My Lenten practices

I've been putting a lot of thought into what I am going to do for Lenten practices this year.

I was toying with the idea of giving up Facebook, but I actually get a lot of spiritual edification from Facebook. A lot of my friends post inspirational quotes from saints or really good Catholic articles from around the blogosphere.

Plus it's my primary way of keeping in touch with my family in North Dakota, so I would be loathe to deprive them of cute kid pictures for 40 days.

While I was reading Heidi's excellent post (, I had an idea. I've been thinking recently that I really need to step up my private devotions, because I've been really deficient in that area for quite a while. At the same time, I don't want to set myself up for failure by trying to fly too high and make a Lenten commitment that is unrealistic, given my current schedule constraints.

So, I have decided to make the commitment to attend daily mass, go to confession, or go to adoration/Stations of the Cross at least once per week for the duration of Lent. My parish has an evening daily mass once per week, on Wednesdays, and adoration on Fridays, plus confession times on Mondays and Saturdays, so I should be able to make one if those on a weekly basis without having to drive a long distance.

I also intend to do more spiritual reading. I've been meaning to finish Chesterton's The Everlasting Man for ages, and I want to re-read Pope Benedict XVI's Jesus of Nazareth (I haven't read the sequel so I should pick that one up, too).

Speaking of Chesterton, last year during Lent I listened to "The Ball and the Cross." It's excellent! Best of all, you can find it online for free in ebook or audiobook format.

Here is a brief excerpt from Chapter VIII - it is a conversation between MacIan, a faithful Catholic, and Turnbull, a proud atheist:
"I often fancy that your historical generalizations rest frequently on random instances; I should not be surprised if your vague notions of the Church as the persecutor of science was a generalization from Galileo. I should not be at all surprised if, when you counted the scientific investigations and discoveries since the fall of Rome, you found that a great mass of them had been made by monks. But the matter is irrelevant to my meaning. I say that if you want an example of anything which has progressed in the moral world by the same method as science in the material world, by continually adding to without unsettling what was there before, then I say that there is only one example of it. And that is Us."

"With this enormous difference," said Turnbull, "that however elaborate be the calculations of physical science, their net result can be tested. Granted that it took millions of books I never read and millions of men I never heard of to discover the electric light. Still I can see the electric light. But I cannot see the supreme virtue which is the result of all your theologies and sacraments."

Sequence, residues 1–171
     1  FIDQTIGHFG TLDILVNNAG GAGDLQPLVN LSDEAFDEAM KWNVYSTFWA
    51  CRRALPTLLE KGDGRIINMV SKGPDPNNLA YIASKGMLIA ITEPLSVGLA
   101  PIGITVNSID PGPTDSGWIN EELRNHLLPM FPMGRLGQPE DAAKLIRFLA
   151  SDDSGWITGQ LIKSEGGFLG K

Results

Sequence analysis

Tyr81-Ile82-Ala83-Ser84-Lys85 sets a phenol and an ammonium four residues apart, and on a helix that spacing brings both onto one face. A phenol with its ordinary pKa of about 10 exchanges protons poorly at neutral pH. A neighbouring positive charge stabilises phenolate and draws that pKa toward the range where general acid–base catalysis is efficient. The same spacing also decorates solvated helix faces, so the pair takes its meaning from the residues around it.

"Catholic virtue is often invisible because it is the normal," answered MacIan. "Christianity is always out of fashion because it is always sane; and all fashions are mild insanities. When Italy is mad on art the Church seems too Puritanical; when England is mad on Puritanism the Church seems too artistic. When you quarrel with us now you class us with kingship and despotism; but when you quarrelled with us first it was because we would not accept the divine despotism of Henry VIII. The Church always seems to be behind the times, when it is really beyond the times; it is waiting till the last fad shall have seen its last summer. It keeps the key of a permanent virtue."

"Oh, I have heard all that!" said Turnbull with genial contempt. "I have heard that Christianity keeps the key of virtue, and that if you read Tom Paine you will cut your throat at Monte Carlo. It is such rubbish that I am not even angry at it. You say that Christianity is the prop of morals; but what more do you do? When a doctor attends you and could poison you with a pinch of salt, do you ask whether he is a Christian? You ask whether he is a gentleman, whether he is an M.D.—anything but that. When a soldier enlists to die for his country or disgrace it, do you ask whether he is a Christian? You are more likely to ask whether he is Oxford or Cambridge at the boat race. If you think your creed essential to morals why do you not make it a test for these things?"

"We once did make it a test for these things," said MacIan smiling, "and then you told us that we were imposing by force a faith unsupported by argument. It seems rather hard that having first been told that our creed must be false because we did use tests, we should now be told that it must be false because we don't. But I notice that most anti-Christian arguments are in the same inconsistent style."

1 comment:

  1. Yep. Set the bar reasonably/realistically low - then fly high over it!

    I had this thought the other day: I should live this Lent as though they were the last 40 days of my life, and do whatever that might entail. I'm still thinking about it - most tentatively! :)

    It's weird how even the thought of such a secret "dress rehearsal" is daunting. Why are we so afraid even to think about end of life issues/routines? We (Catholics) aren't scared of death, are we? Or maybe it's like Woody Allen said? "I'm not afraid of death. I just don't want to be there when it happens!" :)


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